By Amos Fofung
A delegation of the International Criminal Court (ICC) is in Sudan to discuss the prosecution process of former President Omar Hassan Ahmad al-Bashir wanted for his alleged involvement in genocidal activities, war crimes and crimes against humanity.
The delegation led by chief prosecutor Fatou Bensouda will be in Sudan until October 21, 2020 to discuss “co-operation” in the case after the current Sudanese government agreed that he stands trial in the Hague.
Recalled that former President Bashir, was outset in 2019 after mass protests. A transitional government is currently ruling Sudan under a three-year deal with top civilian and military leaders.
The ICC has also charged two other former officials, Ahmed Haroun and Abdelrahim Mohamed Hussein, with war crimes and crimes against humanity, allegedly committed in the region.
The former leader has already been convicted for corruption. He and 27 other officials are currently on trial in Khartoum over charges relating to the 1989 coup that brought him to power. If found guilty, they could all face the death penalty. He also faces charges for his role in the Darfur 2003 revolt which according to the United Nations claimed the lives of about 300,000 people.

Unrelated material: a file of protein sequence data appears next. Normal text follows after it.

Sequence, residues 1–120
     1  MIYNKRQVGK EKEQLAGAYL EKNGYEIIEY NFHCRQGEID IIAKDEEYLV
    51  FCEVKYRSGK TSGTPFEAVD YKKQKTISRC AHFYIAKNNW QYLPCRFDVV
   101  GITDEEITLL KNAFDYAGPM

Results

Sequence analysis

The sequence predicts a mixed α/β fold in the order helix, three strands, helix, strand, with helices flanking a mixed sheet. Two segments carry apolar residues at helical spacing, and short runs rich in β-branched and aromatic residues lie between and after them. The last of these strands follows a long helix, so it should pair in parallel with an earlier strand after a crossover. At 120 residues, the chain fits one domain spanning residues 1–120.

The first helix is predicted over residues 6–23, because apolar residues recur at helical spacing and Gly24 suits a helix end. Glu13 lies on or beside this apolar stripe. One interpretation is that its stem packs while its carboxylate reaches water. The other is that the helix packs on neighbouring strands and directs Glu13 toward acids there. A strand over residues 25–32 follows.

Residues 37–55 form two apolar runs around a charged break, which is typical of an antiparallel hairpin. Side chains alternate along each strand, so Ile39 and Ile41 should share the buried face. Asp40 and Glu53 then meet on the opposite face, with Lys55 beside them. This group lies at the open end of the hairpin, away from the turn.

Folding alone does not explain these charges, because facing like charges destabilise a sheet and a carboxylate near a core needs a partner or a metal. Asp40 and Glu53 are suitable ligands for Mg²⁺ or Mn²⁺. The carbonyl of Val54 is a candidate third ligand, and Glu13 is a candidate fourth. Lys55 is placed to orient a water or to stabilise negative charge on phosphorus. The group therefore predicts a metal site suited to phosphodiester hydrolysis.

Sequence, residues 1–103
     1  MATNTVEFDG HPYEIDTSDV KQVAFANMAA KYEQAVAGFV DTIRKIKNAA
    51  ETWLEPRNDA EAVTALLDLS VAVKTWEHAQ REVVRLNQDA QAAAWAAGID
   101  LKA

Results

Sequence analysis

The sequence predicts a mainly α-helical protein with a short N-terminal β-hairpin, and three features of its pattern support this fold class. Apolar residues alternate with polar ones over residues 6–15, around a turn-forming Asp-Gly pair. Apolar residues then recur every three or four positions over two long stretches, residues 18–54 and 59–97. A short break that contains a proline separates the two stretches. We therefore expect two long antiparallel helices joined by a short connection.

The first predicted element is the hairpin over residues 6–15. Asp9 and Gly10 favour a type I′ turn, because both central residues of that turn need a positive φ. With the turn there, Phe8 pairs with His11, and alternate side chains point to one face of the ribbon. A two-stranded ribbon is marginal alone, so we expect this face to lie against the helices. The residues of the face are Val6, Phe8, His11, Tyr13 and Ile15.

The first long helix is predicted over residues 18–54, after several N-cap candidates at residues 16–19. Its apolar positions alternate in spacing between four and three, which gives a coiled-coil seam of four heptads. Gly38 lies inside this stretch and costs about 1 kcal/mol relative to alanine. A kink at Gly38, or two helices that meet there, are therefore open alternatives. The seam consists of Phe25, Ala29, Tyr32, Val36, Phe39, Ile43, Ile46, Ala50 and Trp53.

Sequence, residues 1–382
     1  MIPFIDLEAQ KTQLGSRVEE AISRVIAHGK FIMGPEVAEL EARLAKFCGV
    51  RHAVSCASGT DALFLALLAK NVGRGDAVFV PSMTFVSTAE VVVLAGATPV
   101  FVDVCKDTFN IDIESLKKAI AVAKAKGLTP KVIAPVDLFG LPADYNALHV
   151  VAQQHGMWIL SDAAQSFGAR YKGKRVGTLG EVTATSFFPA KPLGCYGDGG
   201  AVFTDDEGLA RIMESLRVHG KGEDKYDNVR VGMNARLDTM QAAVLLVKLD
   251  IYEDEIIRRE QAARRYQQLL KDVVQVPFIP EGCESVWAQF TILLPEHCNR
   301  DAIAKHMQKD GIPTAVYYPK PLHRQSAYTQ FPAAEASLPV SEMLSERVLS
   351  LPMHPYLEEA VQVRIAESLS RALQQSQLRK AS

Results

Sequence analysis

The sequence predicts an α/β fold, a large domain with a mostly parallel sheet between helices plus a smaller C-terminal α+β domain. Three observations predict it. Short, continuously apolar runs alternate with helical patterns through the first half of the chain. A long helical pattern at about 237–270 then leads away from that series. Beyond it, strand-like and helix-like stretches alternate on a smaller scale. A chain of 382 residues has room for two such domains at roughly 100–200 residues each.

Bashir has denied the charges against him. Earlier this year one of his lawyers said Bashir and other defendants were facing “a political trial” being held “in a hostile environment”.
Bashir, 76, served as the seventh President of Sudan from 1989 to 2019, when he was deposed in a coup d’état, the same tactics he used to first come to power.